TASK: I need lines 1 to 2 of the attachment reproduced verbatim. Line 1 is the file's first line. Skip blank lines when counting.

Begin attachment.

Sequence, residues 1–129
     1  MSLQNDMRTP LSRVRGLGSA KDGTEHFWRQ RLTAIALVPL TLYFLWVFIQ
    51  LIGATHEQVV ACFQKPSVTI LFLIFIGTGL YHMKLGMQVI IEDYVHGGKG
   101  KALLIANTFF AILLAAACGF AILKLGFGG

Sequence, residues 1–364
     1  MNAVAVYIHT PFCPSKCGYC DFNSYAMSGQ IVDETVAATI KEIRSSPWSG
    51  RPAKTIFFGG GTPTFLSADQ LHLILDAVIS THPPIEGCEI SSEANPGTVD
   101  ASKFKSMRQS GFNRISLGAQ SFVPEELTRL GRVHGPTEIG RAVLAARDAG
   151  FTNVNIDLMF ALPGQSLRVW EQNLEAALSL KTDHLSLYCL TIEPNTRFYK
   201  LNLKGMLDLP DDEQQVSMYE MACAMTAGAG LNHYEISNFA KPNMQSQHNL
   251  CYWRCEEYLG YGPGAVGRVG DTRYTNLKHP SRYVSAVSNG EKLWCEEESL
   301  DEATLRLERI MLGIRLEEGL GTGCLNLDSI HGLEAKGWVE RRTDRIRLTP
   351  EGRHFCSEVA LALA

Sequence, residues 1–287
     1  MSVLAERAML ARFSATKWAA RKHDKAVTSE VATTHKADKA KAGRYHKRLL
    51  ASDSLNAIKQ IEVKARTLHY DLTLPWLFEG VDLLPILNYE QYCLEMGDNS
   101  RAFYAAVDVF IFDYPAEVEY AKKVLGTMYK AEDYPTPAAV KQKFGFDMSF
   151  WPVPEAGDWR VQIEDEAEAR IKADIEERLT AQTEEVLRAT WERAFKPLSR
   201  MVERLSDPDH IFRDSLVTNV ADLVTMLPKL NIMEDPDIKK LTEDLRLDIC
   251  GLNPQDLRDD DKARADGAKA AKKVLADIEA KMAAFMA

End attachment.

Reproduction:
Sequence, residues 1–129
     1  MSLQNDMRTP LSRVRGLGSA KDGTEHFWRQ RLTAIALVPL TLYFLWVFIQ